What do Witches, Unicorns, and Pinocchio Have in Common? Think length

What does a witch ride? And where does she ride it?

A witch rides a broomstick. And she places it between her legs.

Glinda the Good is a witch, but she did not put a broomstick between her legs. Instead she traveled inside a bubble. This is because she’s a good witch.

Mary Poppins’ broom is her umbrella. She does not put this between her legs either. She is a witch who does not have to open her legs to get around.

The Bewitched TV show was about a lady witch, and we know this because she rides her broomstick sidesaddle. Women are always supposed to ride sidesaddle because then there is no fear of a broken hymen. An intact hymen is the method some confused societies use to determine whether or not a woman has had sex, because they can’t just simply ask her (trust issues). And they don’t seem to realize that the hymen is an imprecise yardstick.

The unicorn, whose name means “one horn,”

shares a similarity with the one-penised male.

Both have a comparatively large and rigid appendage.

Few remember the legend of the unicorn, which is that only a virgin can tame one. The unicorn lays its head in the virgin’s lap. Wonder what the unicorn does if you’re not a virgin...

This uncanny ability makes the unicorn a virgin-winnowing tool, and isn’t that handy? Because that’s exactly what men want to know!

Men need the vehicle of females in order to produce progeny. Until DNA testing, no one really knew who their father was. The only way to ensure paternity was to marry a virgin and lock her up. Cultures that only value women’s generative ability correspondingly treat women as commodities. When women are commodities, their loyalty is at stake. Hard to love your owner.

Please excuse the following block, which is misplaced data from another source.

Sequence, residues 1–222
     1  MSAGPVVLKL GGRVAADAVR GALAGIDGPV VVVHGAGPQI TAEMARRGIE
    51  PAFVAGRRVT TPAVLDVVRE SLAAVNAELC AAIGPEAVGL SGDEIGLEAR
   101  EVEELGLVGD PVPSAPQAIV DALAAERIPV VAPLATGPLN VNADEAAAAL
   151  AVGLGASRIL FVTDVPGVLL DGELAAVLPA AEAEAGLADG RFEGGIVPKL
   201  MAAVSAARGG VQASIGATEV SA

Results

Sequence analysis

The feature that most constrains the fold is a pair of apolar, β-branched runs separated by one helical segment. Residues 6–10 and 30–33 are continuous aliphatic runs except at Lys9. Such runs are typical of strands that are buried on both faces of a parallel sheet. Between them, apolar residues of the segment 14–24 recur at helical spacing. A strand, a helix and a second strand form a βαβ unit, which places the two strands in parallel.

Perhaps this was Pinocchio’s problem. His father was also his owner. So his natural inclination was to fib due to the unbalanced power dynamic that exists when your relative and business associate are one and the same. Pinocchio’s mendacity is his dishonesty. It’s only his nose that tells the truth. And when it does, it grows like the horn of a unicorn!

It happens whenever he lies.

“I didn’t touch it.”

What do little boys lie about? What member actually grows on male bodies? What have little boys been made to feel guilty about for two millennia?


It turns out that the nose...

...is the penis of your face.

Picasso understood that the face is isopomorphic to the genitals (eyes: ovaries or testicles; nose: clitoris or penis, urinary tract; mouth: vagina, anus). Nature had one idea and she replicated it endlessly: clones. Humans are quadrilaterally symmetrical, like other mammals and many animals. Our faces resemble our genitals. We are focused on faces and genitals because this is how we facilitate procreation. Facial symmetry drives sex appeal because it implies genetic robustness. Our myths are rife with sexual symbolism. Witches ride phallic broomsticks, unicorns and Pinocchio both sport phalluses. And Noah’s Ark is the world’s first sex education.

Two by two, male and female.

And this story was “plagiarized” from The Epic of Gilgamesh, which is at least 2,100 years older than the Bible. Our legends tell us what we value: procreation. But at 7.6 billion of us and counting, we need another strategy.


Created By
Jennifer Ball @www.OriginofAlphabet.org